October 16th, 2014

Interview with Daria Snadowsky


A huge thanks goes to Daria Snadowsky for taking the time to let me conduct this interview over email!

See my reviews of Anatomy of a Single Girl and Anatomy of a Boyfriend here.


Q: What inspired the series? Why write the books with such forthrightness and honesty?

A: Thank you! I’m asked this question a lot, so here’s my standard reply:

I remember my first hall meeting during freshman year of college–we were introducing ourselves and discovering that nearly half of us had boyfriends from high school. Then by the following semester, almost everyone had dumped or been dumped by her high school sweetheart. So I wanted to focus on that part of a girl’s life when she’s simultaneously excited for and scared of how college will change things. In the book, Dominique, the protagonist, says, “I used to think of college acceptance letters as emancipation proclamations. Now they’re like divorce papers.”

It was important to me to write a straightforward, nonjudgmental treatment of the emotional roller coaster of love. I resent that all of the words associated with romantic love are so pejorative. We’re often called “nuts,” “obsessed,” “head over heels,” “infatuated,” and “addicted”. Why is love saddled with such negative words considering that any one of us, no matter how brainy, sane, or logical, can feel this way? The Anatomy books concern a girl whose intelligence is above average but still longs uncontrollably for her crush. Her behaviors may seem crazy, but in truth what she’s experiencing couldn’t be more natural and human.

Q: The many breakups in the books were absolutely refreshing. But why not allow your protagonist to ride off into the sunset with her prince charming?

A: My aim was realism. Although I know people who ended up deliriously happy with their high school sweethearts, I know many more who did not.  And by and large that’s a good thing.  Breakups are excruciating and humbling, but they can also be empowering.  Rejection forces us to face and overcome our deepest fears and insecurities, and it gives us a greater capacity for compassion.  To me, happily ever after doesn’t have to include a significant other…it can be about feeling fulfilled on your own.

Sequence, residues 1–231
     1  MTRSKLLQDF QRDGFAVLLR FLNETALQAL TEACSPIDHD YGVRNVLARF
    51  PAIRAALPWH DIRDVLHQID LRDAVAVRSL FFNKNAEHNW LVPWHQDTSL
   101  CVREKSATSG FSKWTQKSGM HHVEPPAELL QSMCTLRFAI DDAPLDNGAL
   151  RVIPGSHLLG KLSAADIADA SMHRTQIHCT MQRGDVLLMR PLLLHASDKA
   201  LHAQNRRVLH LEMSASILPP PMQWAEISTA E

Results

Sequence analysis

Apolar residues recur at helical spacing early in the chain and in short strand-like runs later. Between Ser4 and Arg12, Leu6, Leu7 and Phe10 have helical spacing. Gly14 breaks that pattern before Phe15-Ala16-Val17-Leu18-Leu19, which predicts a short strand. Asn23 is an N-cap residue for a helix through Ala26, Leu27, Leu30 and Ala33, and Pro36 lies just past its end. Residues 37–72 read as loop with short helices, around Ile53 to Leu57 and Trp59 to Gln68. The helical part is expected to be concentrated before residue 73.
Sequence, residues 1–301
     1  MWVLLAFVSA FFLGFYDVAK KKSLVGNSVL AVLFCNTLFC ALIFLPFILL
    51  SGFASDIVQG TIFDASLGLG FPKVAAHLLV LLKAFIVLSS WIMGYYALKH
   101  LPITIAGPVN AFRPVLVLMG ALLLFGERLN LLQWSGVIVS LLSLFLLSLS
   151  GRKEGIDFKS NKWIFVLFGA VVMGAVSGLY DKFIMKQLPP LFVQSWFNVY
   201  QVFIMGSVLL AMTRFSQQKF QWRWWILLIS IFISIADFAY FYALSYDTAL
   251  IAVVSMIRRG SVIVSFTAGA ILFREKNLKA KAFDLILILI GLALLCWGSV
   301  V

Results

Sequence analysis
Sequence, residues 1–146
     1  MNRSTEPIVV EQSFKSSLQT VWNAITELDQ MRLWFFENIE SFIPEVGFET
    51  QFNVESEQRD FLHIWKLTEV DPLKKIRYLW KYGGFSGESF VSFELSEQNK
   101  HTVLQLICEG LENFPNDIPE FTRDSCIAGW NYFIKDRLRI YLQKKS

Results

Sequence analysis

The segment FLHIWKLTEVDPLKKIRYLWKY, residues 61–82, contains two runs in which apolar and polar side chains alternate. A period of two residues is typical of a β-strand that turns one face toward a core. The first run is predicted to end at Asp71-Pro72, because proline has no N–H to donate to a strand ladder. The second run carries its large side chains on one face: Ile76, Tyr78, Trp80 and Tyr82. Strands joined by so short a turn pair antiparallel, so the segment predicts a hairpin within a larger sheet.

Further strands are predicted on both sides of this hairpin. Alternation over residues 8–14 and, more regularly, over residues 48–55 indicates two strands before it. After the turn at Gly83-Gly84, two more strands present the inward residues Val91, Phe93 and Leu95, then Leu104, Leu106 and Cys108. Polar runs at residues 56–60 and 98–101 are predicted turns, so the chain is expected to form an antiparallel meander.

Q: What’s your dream cast for Anatomy and Anatomy?

A: Unfortunately I’m not too familiar with young talent today, so I’d cast teen versions of the following actors:

Dom:  Emma Stone



Amy:  Christina Ricci



Wes: Paul Bettany



Guy:  Jason Segel



Calvin: Michael Cera



Q: Who are your favourite YA authors?

A: Judy Blume, Judy Blume, and Judy Blume.  Did I mention Judy Blume?  Her books basically got me through adolescence, and I dedicated Anatomy of a Boyfriend to her.

Q: When you were in high school, did you know that you were going to write a book? What did you want to be?

A: Gosh, no.  I thought I’d be a journalist or a professor.  I didn’t begin writing until after college and I got laid off as a magazine editor.  I wrote the first draft of Anatomy of a Boyfriend in the year and a half between losing my job and starting law school.

Q: Can you tell us 3 random facts about yourself?

A: 1) I used to be obsessed with Anthony Hopkins.  That’s not an exaggeration.  You can read about it here.

2) I wrote my college thesis on Ang Lee just so I could have an excuse to watchSense and Sensibility over and over again.

3) Forgive me, but I enjoy movies more than books.

Q: If you could take five things with you onto a deserted island, what would they  be?

A: A sonar power generator, a smoothie maker, my computer, sunblock, and a satellite phone.

Q: What are you working on next?

A: I have nothing to report on at the moment, but you can preview the first three chapters of Anatomy of a Single Girl here.


I’ll keep you posted,

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